Advanced Search



November 23, 2004

Washington Supreme Court Upholds Airport Concession Fees

November 23, 2004

By Dennis A. Ostgard



By Dennis A. Ostgard

Douglas Branson sued the Port of Seattle, claiming that airport concession fees charged to rental car companies conducting business at Seattle-Tacoma International Airport violate state law. The fees, which are fairly standard at airports nationwide, are 10 percent of the total rental charges. For example, if a traveler rents a car for one week at a rate of $100, the fee is $10. Rental car companies pass through that charge to the traveler’s bill.

State law gives airports the right to set the fees for rental and use of property, provided that “in all cases, the public is not deprived of its rightful, equal and uniform use of the property.” Other states, including Oregon, have adopted similar legislation.

Branson argued that the fees were not equal and uniform. Because the fee is a percentage of the total bill, travelers pay vastly different amounts depending on the length of their stay. Branson cited an example of one traveler who paid a $2 fee while another paid $176. Moreover, a traveler cannot avoid or reduce this charge by taking a shuttle ride from the airport and renting a car from an off-site rental company. The 10-percent concession fee is charged to such a traveler, even though he or she arguably burdens the airport less than those renting on-site.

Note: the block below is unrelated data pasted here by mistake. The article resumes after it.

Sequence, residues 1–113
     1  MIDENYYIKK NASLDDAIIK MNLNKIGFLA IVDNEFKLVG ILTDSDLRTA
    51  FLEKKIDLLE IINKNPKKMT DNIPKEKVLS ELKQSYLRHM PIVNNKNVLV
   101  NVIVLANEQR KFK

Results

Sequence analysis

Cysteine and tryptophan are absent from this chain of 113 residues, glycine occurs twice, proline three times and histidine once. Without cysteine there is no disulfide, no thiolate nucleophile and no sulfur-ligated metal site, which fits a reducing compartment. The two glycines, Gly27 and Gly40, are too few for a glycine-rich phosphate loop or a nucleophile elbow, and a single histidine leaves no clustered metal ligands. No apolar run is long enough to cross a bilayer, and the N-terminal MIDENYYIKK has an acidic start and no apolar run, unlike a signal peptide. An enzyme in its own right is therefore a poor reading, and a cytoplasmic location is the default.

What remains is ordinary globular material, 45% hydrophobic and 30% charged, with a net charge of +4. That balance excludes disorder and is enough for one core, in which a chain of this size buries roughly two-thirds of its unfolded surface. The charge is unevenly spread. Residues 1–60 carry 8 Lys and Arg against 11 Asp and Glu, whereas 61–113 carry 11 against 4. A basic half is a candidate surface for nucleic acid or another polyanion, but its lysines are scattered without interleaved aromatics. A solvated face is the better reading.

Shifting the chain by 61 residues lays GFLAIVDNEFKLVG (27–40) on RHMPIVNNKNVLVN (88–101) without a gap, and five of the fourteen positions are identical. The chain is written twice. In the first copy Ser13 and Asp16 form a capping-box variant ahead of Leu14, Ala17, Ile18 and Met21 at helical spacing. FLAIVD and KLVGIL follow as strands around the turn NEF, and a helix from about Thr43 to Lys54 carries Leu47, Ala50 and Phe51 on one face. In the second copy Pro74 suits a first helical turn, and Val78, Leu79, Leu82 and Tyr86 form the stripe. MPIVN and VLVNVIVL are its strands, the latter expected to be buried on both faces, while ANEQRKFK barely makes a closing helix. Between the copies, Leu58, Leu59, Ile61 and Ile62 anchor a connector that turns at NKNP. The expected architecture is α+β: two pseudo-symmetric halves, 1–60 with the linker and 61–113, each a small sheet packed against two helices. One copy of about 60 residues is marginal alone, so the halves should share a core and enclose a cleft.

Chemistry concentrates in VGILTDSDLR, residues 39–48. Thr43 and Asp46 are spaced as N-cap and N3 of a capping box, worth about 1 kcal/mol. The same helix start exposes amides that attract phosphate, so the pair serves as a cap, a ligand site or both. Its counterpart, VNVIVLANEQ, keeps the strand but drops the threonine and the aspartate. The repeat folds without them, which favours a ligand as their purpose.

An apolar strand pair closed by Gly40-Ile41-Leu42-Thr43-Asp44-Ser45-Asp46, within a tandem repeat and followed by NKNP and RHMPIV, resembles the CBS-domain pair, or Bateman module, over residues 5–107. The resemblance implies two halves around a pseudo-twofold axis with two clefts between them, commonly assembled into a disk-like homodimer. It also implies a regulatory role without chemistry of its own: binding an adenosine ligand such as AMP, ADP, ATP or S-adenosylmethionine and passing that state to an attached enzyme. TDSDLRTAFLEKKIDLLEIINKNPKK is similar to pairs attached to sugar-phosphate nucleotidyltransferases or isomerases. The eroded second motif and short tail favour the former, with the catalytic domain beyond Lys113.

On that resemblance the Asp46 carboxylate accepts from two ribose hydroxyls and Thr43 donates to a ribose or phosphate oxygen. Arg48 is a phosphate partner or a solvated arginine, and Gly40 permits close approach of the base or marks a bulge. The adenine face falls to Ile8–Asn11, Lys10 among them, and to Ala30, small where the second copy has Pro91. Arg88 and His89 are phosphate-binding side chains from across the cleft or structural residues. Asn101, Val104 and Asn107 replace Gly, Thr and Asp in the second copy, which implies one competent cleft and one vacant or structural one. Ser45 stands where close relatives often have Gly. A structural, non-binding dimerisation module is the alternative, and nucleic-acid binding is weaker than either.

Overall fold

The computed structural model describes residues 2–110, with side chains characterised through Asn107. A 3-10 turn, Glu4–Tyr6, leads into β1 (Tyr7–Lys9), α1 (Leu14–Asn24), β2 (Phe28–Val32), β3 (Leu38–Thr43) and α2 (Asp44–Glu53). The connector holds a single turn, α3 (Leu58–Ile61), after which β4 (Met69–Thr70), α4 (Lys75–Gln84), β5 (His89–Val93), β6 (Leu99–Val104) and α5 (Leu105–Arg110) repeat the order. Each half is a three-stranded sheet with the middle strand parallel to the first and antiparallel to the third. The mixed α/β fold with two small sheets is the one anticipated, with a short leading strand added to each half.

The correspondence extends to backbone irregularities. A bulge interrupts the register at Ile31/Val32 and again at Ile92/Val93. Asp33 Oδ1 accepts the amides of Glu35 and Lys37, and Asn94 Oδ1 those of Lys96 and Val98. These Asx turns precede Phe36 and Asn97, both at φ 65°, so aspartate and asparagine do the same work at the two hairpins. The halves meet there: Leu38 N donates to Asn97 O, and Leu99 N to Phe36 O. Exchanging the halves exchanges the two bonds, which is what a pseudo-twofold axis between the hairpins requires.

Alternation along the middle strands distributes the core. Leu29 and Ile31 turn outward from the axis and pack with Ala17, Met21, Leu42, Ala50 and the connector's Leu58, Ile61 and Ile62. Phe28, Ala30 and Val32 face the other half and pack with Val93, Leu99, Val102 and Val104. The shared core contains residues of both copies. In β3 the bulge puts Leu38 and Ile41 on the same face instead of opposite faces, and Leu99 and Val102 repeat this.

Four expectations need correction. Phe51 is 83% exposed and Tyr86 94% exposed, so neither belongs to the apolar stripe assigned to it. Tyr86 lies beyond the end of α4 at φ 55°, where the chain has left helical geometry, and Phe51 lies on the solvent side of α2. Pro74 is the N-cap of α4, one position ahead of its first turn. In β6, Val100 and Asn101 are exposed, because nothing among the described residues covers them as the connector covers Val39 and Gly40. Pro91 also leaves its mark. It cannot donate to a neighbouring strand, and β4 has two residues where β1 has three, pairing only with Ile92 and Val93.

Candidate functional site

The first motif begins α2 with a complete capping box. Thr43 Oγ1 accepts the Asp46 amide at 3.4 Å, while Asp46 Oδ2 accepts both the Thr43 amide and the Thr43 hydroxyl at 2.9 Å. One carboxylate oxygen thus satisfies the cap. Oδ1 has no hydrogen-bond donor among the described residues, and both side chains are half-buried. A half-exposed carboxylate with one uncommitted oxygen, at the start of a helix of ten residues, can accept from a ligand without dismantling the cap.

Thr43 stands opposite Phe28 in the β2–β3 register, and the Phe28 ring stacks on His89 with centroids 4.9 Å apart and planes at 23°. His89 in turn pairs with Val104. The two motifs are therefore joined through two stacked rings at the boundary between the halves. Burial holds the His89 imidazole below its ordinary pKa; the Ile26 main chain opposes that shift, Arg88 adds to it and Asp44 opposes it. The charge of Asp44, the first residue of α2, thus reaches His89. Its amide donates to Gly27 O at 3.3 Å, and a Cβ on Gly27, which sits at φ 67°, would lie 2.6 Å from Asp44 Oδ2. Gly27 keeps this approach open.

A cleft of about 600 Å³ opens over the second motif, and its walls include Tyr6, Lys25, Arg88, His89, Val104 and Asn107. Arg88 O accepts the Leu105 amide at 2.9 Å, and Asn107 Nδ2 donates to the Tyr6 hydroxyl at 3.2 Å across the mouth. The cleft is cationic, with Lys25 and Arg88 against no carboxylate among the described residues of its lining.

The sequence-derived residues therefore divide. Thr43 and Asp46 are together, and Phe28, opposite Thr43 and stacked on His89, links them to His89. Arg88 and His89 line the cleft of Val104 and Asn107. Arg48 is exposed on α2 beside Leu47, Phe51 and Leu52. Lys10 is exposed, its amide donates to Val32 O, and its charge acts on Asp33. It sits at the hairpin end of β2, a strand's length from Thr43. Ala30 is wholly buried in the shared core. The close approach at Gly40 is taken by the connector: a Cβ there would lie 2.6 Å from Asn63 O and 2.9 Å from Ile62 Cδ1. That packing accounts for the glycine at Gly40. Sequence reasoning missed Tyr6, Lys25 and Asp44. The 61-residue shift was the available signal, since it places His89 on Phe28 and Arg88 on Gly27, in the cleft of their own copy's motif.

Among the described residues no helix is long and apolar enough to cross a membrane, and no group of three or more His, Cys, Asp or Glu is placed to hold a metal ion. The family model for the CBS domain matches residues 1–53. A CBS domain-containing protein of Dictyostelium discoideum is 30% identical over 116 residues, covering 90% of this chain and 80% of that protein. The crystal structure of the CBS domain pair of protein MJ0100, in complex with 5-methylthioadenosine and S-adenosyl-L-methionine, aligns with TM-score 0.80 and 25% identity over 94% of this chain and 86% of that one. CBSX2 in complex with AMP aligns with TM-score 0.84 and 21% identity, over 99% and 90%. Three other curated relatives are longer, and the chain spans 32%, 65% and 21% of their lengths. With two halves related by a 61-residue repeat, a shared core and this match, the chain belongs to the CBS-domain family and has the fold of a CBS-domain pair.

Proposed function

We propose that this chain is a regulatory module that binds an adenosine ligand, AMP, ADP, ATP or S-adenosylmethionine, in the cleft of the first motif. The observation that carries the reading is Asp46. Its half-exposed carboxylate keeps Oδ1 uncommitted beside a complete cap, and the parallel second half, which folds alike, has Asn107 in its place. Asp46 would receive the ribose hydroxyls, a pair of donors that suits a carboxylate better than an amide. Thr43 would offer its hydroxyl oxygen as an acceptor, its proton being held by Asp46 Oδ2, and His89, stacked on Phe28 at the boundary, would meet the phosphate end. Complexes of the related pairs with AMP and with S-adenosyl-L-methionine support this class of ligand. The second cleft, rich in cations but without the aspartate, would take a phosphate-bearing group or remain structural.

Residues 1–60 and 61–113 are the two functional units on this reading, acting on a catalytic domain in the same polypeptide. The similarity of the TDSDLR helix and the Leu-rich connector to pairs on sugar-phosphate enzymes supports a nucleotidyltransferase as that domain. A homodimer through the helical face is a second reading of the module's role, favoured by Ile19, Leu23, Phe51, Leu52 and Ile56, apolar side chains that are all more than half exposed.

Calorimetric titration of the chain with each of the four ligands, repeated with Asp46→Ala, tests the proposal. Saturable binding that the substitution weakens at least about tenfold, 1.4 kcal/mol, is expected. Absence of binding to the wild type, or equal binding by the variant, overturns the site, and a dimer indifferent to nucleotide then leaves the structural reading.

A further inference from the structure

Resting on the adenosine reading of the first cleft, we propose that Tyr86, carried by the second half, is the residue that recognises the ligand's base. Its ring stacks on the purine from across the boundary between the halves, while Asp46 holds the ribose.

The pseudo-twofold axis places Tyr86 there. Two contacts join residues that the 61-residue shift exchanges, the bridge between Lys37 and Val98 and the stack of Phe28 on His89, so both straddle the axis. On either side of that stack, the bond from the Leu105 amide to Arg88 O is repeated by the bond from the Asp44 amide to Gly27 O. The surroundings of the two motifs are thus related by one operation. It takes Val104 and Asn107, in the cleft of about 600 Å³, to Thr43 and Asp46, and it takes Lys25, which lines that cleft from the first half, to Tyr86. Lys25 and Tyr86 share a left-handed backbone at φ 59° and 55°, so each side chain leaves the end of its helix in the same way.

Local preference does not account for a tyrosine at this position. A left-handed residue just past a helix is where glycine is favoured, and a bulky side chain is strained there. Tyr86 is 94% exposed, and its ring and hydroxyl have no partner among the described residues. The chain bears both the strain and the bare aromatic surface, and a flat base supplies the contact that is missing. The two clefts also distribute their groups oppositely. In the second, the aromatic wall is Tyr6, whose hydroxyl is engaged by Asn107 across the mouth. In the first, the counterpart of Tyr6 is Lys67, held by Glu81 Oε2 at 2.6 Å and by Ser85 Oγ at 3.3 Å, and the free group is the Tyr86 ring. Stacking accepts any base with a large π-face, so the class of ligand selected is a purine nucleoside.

Branson argued that airports should implement a flat fee for all travelers who rent cars. He also sought a refund of fees to all those who used off-site rental companies since 1998, when the companies began passing the concession costs to travelers. If granted, the total refund would have been sizeable, as the Port of Seattle has made millions of dollars each year from the fee.

The Washington Supreme Court rejected Branson’s argument, distinguishing between fees charged to service providers such as rental car companies and fees charged to members of the public for the use of airport property. The court reasoned that rental cars are not airport property, and the concession fees are not charged to members of the public. Even though rental car companies have chosen to pass these fees through to customers, the port did not mandate or control this practice. Therefore, the fees do not deny the public the equal and uniform use of airport property.

Branson also argued that the fees were not established with due regard to the property used and the expense of operation. The court refused to consider this argument. Since the fees were charged to rental car companies, and not to Branson, he lacked standing to assert this claim.

Copyright 2014 | Site Map | Diversity Statement
Sign Up for Legal Updates | SchwabeBlog | | |